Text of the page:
Related: Earth is hotter than ever — So what happens next?

Mighty Atlas V

Today's launch marked the 145th flight of an Atlas V to date and the 88th flight of the rocket for NASA. In August, ULA announced that it had only 29 Atlas V rockets left in its fleet and that all of those launch vehicles already have confirmed missions. 

The Atlas V flew today in its simplest configuration: the 401. That means the Landsat 9 satellite was tucked into a 13-foot-wide (4 meters) payload fairing, and the rocket relied on a single-engine Centaur upper stage, with no solid rocket boosters, to propel it to space. 

Joining Landsat 9 for the ride today were four tiny cubesats, which will deploy from the launcher after Landsat 9 has been deposited in space. They will perform a variety of science investigations, including taking measurements of the solar wind and ultraviolet light emanating from stars. 

Up next for Atlas V is the launch of another key science mission. On Oct. 16, the Lucy spacecraft will blast off atop a different Atlas V rocket, bound for a journey to the asteroid belt where it will study multiple Trojan asteroids in order to help scientists better understand how planets form. 

Lucy's rocket ride was originally supposed to ferry Boeing's Starliner spacecraft to space in August. However, Starliner was forced to return to the factory after several valves in its propulsion system were stuck closed. The valve issue has delayed the capsule's uncrewed test flight to the International Space Station significantly, perhaps until next year.

Teams at ULA had to reconfigure the rocket to get it ready to fly Lucy next month. That's because Lucy will rely on a single Centaur engine, whereas Starliner requires a dual-engine Centaur upper stage.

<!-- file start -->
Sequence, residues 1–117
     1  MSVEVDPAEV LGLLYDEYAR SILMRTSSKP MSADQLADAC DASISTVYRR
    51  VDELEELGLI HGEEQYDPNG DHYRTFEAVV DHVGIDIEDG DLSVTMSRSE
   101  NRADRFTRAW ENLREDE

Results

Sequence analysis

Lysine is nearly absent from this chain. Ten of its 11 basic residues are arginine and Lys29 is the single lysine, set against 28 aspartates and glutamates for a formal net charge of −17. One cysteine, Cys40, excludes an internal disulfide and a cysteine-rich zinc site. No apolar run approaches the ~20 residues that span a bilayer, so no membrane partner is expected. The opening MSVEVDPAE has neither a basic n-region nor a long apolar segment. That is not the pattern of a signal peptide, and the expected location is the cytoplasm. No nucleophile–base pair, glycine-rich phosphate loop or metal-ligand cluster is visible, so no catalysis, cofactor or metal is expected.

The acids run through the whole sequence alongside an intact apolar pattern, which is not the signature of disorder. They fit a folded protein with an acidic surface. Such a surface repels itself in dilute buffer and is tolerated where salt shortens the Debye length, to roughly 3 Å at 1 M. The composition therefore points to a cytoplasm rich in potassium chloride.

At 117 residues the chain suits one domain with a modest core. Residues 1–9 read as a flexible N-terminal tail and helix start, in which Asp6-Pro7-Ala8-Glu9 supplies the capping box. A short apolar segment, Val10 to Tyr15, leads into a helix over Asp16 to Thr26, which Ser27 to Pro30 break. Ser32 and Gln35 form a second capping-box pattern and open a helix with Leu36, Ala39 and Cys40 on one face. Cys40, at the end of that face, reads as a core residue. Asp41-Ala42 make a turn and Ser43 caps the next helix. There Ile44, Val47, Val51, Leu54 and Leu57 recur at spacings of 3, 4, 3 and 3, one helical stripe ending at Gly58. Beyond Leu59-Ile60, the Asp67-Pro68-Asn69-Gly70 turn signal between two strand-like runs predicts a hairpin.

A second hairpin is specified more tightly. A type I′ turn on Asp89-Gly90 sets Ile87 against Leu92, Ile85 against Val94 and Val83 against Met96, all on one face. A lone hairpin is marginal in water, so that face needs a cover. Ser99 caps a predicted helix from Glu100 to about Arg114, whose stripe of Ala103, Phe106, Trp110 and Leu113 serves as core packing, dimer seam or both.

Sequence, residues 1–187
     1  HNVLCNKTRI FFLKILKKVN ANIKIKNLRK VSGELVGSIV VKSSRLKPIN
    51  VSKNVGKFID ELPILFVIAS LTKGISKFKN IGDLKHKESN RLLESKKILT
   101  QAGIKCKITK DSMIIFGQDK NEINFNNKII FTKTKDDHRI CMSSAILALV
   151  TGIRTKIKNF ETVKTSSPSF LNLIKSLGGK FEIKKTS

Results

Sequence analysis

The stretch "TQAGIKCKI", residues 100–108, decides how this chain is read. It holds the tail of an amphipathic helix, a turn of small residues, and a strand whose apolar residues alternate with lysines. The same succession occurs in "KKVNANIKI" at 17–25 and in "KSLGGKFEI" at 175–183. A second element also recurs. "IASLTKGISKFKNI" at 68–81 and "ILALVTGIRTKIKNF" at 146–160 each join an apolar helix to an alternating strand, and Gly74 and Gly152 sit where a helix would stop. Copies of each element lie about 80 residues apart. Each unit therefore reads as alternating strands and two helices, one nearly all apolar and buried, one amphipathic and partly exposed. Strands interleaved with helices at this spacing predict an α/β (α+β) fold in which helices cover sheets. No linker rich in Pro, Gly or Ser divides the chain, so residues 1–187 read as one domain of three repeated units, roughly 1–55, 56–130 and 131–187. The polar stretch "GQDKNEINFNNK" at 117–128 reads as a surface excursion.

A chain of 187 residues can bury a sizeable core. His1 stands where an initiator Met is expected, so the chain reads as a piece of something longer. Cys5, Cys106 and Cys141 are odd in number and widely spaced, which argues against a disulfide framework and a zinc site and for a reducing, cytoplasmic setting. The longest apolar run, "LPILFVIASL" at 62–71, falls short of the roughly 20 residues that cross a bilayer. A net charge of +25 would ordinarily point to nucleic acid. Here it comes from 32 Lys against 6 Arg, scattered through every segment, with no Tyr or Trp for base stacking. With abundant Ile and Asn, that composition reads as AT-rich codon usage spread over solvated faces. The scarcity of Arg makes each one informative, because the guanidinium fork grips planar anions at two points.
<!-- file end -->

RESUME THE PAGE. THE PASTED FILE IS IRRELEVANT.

There is one more Atlas V rocket scheduled to fly from Vandenberg: The launch of the National Oceanic and Atmospheric Administration's Joint Polar Satellite System 2 satellite is slated for next September.

ULA is working toward the debut of its next rocket, the Vulcan Centaur. Designed to replace the Atlas V, Vulcan is scheduled to come online sometime in 2022. 

Record-setting mission

Today's flight marked the 2,000th launch from Vandenberg since 1958. It was the 300th Atlas launch, which includes all iterations of the vehicle, not just the Atlas V. 

That first launch, which occurred on Dec. 16, 1958, carried a Thor missile, followed by a Thor/Agena in 1959 that lofted Discover 1, the first polar Earth-orbiting satellite. 

Vandenberg is predominately used for polar launches that target high-inclination orbits. Such orbits are perfect for most Earth-observing satellites as well as some communications missions.

Following the final West Coast Atlas V launch next year, ULA will reconfigure its Vandenberg launch pad (SLC-3E) for its upcoming Vulcan Centaur rocket. 

Editor's note: This story was updated at 3:35 p.m. EDT (1935 GMT) with news of Landsat 9's successful deployment.

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Amy Thompson
Contributing Writer

Amy Thompson is a Florida-based space and science journalist, who joined as a contributing writer in 2015. She's passionate about all things space and is a huge science and science-fiction geek. Star Wars is her favorite fandom, with that sassy little droid, R2D2 being her favorite. She studied science at the University of Florida, earning a degree in microbiology. Her work has also been published in Newsweek, VICE, Smithsonian, and many more. Now she chases rockets, writing about launches, commercial space, space station science, and everything in between.